The risk of becoming a victim of physical violence in private crypto custody

The risk of theft of crypto assets is no longer solely about digital robbery in cyberattacks and hacks. Physical violence against the owner of crypto assets or threats to family members is already sadly present. In November 2021, for example, the American co-founder of Tuenti, once billed as the Spanish Facebook, Zaryn Dentzel, was the victim of such an attack in his private Madrid flat.

Dentzel stated on record that the gangsters beat him and stabbed him in the chest with a knife while shooting him several times with a Taser.

Thus it becomes clear that the protection of crypto-assets must also go hand in hand with the fact that a perpetrator who is prepared to use physical force understands in advance that his alleged victim does not readily have power of disposal over his total crypto-assets. Cold storage not at home, but in a cold space, for example a high-security facility, can provide the necessary protection.

State of the art crypto storage meets high security facilities

In July 2021, Prosegur Crypto – the crypto custody subsidiary of Prosegur, one of the largest security companies in the world – announced the creation of the world’s first “digital asset custody bunker”. The consistent combination of a physically and digitally inaccessible environment here is unique to date.

In collaboration with cybersecurity company GK8, Prosegur Crypto brings together all the infrastructure, facilities, technologies and security protocols required to minimise all risk areas identified in the digital asset custody chain.

The solution consists of state-of-the-art cyber security systems provided by GK8’s patented technology and the highest level of a military-grade secured protection environment. It is based on a “360° inaccessibility” approach, mapping over 100 protection measures into 6 integrated layers of security. This ensures the highest possible protection against physical and cyber attacks.

The HSM (hardware security module, a device that generates, stores and protects cryptographic keys) is housed in a military grade briefcase within the high security vault. This vault is only accessible to a limited number of people who manage the data manually and offline. Staff have restricted access to the information they handle to avoid any risk of internal theft and work from a secure facility where there is no risk of physical attack, copying or theft of systems or passwords. In the event of an unauthorised attempt to access the HSM, its contents are permanently deleted. Immediately, a recovery plan is activated, including a protocol for recovering private keys using seeds located in various other vaults.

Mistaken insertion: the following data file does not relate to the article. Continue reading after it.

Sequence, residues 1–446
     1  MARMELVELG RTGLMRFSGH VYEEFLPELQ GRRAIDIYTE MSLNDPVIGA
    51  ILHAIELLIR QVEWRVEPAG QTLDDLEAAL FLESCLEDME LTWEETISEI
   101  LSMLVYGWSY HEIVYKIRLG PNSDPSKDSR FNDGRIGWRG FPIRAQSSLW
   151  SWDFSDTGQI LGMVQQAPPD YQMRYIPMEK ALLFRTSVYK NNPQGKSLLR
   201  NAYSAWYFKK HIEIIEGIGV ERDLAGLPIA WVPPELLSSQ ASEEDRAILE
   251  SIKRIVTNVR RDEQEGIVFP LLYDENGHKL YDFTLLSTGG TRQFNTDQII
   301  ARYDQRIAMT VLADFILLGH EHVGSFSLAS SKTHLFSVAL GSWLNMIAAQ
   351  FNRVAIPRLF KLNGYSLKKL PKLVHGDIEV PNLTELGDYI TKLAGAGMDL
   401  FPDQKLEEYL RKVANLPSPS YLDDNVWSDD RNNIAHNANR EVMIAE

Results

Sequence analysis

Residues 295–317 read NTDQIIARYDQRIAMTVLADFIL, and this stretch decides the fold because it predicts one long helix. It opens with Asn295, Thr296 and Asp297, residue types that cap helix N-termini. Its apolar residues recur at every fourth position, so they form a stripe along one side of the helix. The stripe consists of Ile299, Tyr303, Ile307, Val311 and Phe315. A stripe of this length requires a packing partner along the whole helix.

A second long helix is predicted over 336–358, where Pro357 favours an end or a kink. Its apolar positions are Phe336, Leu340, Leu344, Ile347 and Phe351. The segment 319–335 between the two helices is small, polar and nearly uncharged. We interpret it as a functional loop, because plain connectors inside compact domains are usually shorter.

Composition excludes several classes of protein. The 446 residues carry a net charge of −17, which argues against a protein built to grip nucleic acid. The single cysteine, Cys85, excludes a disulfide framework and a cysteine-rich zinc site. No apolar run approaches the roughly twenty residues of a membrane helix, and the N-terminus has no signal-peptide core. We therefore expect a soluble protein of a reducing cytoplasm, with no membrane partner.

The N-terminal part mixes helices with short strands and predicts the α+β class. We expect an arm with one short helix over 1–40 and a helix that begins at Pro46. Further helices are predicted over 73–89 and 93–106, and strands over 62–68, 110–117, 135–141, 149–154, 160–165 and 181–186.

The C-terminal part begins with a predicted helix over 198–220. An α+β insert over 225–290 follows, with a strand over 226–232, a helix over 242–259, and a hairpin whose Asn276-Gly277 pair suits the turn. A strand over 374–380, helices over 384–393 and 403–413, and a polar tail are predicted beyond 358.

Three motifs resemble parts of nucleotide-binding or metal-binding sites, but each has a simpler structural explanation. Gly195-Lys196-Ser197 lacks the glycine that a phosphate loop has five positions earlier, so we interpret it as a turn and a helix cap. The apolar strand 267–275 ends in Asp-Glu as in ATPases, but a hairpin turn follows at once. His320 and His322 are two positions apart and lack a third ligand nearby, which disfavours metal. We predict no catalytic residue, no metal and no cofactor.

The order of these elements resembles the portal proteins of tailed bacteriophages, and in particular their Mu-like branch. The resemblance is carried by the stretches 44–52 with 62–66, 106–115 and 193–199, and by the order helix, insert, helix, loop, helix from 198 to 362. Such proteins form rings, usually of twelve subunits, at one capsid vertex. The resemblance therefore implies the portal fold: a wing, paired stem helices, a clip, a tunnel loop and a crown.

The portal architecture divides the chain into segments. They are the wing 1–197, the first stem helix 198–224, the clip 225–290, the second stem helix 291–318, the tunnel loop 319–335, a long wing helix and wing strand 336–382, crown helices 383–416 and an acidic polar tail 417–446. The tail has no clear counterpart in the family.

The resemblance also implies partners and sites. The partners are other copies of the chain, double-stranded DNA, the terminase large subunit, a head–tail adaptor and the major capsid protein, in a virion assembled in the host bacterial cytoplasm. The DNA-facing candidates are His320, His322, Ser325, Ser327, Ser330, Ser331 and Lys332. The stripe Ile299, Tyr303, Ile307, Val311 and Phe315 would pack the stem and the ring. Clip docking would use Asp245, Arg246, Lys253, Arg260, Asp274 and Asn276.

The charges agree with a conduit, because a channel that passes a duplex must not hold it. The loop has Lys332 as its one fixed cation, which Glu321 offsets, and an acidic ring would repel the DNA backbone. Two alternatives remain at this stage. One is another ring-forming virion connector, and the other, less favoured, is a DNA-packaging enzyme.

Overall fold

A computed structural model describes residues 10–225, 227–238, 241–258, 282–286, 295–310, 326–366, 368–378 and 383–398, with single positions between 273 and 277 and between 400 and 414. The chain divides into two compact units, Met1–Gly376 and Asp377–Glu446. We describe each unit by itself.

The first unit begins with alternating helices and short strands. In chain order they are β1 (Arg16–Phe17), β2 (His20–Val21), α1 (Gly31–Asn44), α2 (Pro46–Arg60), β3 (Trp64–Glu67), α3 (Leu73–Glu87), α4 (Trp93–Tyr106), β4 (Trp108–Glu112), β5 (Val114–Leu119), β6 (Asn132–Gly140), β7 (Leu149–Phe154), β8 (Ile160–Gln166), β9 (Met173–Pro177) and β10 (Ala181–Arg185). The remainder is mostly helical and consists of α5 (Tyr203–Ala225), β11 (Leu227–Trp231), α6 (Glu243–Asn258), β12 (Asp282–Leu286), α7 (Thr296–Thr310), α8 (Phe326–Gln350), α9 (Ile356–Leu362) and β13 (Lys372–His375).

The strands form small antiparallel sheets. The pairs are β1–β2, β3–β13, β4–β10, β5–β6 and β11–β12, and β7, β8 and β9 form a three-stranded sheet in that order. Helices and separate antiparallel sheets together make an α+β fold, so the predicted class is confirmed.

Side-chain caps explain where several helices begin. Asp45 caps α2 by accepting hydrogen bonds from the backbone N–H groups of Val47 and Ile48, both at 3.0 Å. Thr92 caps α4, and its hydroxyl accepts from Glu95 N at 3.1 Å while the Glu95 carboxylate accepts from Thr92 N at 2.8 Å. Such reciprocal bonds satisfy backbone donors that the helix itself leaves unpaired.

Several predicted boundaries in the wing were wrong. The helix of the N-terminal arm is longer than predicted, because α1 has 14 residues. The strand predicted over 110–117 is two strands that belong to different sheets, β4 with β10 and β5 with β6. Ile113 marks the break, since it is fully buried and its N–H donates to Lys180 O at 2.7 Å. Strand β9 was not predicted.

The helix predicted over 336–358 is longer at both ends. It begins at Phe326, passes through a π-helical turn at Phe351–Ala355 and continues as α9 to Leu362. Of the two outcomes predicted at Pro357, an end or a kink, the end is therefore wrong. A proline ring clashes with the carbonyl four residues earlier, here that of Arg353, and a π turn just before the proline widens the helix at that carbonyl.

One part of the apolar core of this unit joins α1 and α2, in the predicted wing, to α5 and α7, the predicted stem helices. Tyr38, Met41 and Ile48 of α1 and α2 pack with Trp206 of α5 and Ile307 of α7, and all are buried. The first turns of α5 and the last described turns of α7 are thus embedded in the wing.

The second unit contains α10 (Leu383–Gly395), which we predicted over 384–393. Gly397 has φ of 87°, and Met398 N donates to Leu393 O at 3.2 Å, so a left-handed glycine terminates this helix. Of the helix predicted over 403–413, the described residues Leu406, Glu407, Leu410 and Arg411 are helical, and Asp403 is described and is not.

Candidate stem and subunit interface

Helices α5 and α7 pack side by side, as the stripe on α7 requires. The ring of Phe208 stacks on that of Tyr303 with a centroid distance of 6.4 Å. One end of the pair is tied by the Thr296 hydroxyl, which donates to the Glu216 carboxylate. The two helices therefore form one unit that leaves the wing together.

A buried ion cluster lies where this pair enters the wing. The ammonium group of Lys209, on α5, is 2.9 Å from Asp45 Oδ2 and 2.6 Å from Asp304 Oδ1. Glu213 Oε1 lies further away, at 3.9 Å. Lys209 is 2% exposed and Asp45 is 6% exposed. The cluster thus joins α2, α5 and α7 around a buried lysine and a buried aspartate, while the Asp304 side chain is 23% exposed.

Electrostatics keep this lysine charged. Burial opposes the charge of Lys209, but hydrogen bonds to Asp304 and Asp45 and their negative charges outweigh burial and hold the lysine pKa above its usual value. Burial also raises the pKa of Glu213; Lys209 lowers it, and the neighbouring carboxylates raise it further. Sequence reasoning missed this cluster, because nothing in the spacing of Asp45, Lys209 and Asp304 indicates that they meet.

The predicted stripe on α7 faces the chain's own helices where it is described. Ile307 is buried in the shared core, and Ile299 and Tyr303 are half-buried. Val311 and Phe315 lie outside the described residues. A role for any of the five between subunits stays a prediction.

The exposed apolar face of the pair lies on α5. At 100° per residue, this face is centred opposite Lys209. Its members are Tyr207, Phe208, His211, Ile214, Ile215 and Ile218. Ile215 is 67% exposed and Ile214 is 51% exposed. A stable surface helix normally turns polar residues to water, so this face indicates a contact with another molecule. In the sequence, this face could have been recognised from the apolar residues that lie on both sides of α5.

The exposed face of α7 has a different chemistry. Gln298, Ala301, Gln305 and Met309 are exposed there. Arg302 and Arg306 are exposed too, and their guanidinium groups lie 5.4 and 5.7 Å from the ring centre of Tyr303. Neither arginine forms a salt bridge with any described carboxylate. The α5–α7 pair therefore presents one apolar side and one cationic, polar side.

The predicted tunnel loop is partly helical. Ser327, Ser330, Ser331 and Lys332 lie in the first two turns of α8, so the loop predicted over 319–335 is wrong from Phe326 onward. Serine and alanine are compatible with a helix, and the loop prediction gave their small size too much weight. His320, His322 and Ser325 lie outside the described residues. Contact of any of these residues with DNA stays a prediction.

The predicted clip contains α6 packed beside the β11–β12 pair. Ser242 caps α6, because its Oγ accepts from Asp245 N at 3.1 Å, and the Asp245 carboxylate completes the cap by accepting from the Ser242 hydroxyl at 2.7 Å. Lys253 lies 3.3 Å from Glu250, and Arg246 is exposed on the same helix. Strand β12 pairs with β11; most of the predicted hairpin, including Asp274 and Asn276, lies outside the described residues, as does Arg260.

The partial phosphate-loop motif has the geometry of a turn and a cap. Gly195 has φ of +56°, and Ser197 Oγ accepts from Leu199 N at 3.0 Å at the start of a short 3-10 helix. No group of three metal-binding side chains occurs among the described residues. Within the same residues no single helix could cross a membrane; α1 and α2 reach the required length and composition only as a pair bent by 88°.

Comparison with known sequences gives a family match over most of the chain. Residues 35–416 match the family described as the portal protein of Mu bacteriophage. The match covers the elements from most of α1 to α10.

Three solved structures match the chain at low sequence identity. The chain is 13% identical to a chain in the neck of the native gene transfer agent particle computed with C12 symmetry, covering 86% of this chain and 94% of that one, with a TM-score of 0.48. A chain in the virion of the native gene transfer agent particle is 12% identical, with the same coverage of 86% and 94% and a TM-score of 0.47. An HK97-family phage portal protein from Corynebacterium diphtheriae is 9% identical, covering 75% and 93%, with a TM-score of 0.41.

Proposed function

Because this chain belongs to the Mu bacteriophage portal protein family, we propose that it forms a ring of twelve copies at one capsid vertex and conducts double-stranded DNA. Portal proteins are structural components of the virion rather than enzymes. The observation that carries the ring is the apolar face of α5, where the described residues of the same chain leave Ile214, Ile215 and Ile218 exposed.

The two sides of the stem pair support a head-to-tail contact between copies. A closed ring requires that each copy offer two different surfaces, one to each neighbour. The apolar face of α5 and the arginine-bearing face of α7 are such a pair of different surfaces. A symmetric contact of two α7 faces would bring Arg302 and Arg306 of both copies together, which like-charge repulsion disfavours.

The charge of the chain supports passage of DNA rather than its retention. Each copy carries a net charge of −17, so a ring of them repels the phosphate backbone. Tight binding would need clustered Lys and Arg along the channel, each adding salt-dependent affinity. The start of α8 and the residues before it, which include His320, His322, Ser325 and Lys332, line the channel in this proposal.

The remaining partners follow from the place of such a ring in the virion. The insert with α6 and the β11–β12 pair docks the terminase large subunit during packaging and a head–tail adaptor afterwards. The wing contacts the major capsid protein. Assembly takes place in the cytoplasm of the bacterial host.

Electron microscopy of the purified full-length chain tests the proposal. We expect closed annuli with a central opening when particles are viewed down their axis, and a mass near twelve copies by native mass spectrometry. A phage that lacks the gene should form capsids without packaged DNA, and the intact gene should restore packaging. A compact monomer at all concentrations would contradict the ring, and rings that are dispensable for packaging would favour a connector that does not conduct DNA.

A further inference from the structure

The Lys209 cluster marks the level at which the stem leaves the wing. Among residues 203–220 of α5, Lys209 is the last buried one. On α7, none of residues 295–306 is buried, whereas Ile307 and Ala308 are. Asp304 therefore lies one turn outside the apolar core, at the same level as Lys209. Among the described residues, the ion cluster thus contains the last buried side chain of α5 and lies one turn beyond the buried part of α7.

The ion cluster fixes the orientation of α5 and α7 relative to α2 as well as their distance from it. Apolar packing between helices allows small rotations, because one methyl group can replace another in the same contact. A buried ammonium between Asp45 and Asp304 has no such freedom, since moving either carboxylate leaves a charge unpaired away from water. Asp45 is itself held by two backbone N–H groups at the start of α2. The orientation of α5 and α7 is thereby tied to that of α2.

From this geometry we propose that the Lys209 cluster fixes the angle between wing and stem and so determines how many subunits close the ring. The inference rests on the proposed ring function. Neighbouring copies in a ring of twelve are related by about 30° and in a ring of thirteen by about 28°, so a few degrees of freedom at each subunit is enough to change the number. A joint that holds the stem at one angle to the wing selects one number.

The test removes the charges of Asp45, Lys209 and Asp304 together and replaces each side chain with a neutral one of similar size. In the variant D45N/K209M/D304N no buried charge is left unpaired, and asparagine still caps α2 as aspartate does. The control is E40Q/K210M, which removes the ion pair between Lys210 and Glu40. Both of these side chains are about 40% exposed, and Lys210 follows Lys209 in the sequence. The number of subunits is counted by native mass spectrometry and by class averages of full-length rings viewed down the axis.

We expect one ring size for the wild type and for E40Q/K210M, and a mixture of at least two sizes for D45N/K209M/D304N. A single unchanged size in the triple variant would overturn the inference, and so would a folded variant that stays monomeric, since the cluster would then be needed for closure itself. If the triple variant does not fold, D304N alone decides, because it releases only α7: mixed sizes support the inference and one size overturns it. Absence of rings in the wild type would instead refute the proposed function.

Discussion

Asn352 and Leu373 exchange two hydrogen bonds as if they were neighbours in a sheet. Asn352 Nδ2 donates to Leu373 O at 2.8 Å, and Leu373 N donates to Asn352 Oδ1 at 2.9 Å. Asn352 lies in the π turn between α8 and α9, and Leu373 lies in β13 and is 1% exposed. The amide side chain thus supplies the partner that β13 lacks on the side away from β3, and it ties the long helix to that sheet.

The module is connected to an MPC (Multi-party Computation) system, which provides a fast signature process on a state-of-the-art computer network and generates transactions on the blockchain without a direct internet connection. This minimises the possibility of fraudulent access and eliminates any potential vector for cyber attacks. These system features are patented and represent a highly differentiated offering in the market.

Plea for openness: danger recognised – danger averted

The analysis shows that from Clausewitz to the latest developments in cyber security and crypto-custody, the security perspective has hardly changed. The more you rely on a single system or fortress, the more vulnerable you are. It’s all about layered security, which makes it time-consuming and very costly for attackers to get what they desperately want.

We are still only at the beginning of a new era for our monetary systems. An era driven by technology in which it is increasingly important for every actor to develop a good understanding of it in order to build sustainable ones. Technology has never been right or wrong, only the way we humans use it can make it so.

New technologies offer the opportunity to make our world more prosperous for all – let’s use it!

The four principles of good governance

Author: Jochen Werne | First published in German on September 6, 2019 in the BANK—BLOG

Author Jochen Werne

How banks create stability to survive in change

The “cobra effect” is a prime example of failed incentive structures. Good governance in banks and savings banks must serve stability and flexibility at the same time. Compliance with four principles is indispensable.